Taylor, Stephanie and Littleton, Karen
Art work or money: Conflicts in the construction of a creative identity.
Sociological Review, 56(2) pp. 275–292.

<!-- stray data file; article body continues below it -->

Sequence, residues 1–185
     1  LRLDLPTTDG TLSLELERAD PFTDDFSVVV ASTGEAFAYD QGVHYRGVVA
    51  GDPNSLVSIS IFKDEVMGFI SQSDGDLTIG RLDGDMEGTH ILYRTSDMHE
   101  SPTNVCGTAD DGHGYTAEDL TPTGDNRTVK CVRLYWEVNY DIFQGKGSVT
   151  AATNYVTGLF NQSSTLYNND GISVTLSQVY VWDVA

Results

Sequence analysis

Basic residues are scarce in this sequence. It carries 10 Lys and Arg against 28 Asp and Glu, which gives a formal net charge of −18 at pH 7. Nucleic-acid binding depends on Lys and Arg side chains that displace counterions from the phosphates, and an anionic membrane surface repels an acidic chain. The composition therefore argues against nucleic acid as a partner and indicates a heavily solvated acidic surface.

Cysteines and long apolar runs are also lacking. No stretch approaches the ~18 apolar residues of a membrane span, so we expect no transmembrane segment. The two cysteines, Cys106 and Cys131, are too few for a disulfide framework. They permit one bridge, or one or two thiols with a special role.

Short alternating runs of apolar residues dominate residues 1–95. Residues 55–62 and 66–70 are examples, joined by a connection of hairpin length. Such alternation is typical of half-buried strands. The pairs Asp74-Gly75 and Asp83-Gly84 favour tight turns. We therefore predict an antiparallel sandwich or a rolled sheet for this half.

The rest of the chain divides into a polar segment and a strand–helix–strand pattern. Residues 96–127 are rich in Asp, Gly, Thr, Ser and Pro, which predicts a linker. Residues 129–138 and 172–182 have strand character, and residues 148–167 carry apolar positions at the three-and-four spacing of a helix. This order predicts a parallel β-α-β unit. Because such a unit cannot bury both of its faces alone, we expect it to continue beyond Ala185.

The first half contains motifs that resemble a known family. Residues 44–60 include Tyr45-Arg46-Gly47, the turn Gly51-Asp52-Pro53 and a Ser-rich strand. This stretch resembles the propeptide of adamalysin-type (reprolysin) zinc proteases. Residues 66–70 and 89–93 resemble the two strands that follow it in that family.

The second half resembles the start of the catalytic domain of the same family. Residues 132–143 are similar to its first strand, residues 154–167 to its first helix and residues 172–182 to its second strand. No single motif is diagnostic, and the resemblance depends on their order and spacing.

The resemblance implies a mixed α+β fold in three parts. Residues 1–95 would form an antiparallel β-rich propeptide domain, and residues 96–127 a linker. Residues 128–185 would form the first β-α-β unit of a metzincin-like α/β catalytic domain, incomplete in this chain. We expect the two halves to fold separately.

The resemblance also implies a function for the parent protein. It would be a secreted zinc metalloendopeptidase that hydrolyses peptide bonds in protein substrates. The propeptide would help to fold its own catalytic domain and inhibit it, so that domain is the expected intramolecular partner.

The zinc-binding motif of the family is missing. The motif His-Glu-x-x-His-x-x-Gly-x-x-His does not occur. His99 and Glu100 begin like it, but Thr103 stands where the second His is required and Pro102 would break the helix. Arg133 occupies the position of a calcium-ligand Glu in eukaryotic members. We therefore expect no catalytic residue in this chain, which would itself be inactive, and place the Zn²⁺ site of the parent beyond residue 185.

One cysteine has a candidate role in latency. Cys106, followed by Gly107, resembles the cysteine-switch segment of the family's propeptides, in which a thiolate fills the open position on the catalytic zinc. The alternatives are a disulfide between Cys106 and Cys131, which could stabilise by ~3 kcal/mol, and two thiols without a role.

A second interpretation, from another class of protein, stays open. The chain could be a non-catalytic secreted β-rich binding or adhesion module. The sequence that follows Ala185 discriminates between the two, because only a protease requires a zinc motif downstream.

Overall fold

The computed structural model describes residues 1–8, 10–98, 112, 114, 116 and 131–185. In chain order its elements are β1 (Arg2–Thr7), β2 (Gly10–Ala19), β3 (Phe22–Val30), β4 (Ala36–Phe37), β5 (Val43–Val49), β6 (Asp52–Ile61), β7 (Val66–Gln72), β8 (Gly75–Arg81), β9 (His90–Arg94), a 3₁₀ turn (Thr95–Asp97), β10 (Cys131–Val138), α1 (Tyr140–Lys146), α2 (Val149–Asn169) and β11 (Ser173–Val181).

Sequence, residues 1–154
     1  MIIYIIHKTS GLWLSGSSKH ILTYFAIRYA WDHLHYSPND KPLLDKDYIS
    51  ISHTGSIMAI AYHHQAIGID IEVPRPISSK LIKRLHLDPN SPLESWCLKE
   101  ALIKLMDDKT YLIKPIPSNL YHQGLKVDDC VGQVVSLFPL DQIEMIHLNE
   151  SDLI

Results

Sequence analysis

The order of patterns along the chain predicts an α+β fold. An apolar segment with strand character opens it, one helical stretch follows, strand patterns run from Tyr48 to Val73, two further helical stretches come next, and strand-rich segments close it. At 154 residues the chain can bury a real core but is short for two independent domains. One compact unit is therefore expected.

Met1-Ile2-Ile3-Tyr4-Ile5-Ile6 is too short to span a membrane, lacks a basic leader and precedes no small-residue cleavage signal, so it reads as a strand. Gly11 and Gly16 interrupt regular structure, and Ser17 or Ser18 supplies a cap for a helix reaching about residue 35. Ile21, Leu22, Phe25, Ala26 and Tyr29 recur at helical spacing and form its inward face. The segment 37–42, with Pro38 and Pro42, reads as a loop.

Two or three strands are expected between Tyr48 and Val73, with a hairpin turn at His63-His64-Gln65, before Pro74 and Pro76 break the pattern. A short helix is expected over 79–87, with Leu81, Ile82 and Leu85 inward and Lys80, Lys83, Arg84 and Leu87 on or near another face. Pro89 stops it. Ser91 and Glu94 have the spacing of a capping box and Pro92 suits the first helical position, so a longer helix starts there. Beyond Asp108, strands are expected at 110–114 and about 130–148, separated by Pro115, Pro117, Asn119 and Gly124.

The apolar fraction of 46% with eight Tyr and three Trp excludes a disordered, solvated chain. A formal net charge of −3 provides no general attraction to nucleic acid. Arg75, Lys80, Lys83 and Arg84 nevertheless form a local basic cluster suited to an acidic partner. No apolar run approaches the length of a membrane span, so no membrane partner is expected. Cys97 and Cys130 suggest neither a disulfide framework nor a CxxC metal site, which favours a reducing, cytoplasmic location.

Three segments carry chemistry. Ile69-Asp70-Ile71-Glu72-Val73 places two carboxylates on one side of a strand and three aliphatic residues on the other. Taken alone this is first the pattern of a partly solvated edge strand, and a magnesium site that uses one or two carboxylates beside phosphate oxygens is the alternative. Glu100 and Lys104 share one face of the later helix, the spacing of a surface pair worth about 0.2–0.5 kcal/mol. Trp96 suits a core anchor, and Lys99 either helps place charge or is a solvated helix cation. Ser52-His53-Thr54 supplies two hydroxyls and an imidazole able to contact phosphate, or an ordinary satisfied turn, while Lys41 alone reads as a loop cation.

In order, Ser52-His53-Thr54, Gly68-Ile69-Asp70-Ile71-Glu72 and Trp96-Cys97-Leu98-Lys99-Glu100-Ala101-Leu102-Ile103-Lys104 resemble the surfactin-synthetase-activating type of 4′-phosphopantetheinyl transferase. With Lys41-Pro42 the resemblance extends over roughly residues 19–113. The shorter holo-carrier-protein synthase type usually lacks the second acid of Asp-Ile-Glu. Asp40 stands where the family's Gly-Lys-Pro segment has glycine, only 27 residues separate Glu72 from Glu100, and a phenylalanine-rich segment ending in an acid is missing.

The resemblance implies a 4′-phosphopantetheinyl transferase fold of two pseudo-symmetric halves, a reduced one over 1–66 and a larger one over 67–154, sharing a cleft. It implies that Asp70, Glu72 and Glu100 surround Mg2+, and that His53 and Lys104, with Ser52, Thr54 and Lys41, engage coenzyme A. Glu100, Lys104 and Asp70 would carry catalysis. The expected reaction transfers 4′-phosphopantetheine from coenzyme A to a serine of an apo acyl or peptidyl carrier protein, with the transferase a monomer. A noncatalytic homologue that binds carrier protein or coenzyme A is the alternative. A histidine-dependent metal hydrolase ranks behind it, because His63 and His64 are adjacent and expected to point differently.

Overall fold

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The identity projects of novice creative practitioners must take account of the economy of art work. It has been suggested (McRobbie, 2002a) that in the contemporary cultural industries in the UK, a new understanding of the connection between creative work and money has replaced past 'anti-commercial' notions. This claim is investigated through a narrative-discursive analysis of interviews from a longitudinal study with current and recent Art and Design postgraduates. Their ongoing identity projects are shaped by established understandings of creative work and the prospects it offers for earning and employment, and also by more local discursive resources given by personal life contexts. An analysis of two interviews with a single speaker shows how these resources are taken up within her ongoing and distinctive identity project. Both old and new repertoires of art and money are in play in her talk. She must negotiate dilemmas and potentially troubled positionings in order to reconcile a creative identity with relationships and responsibilities towards others. Coherence is only achieved momentarily and is disrupted by new life circumstances. By investigating an identity project at the level of talk, the analysis shows the complexity of the speaker's work to construct and claim a creative identity.
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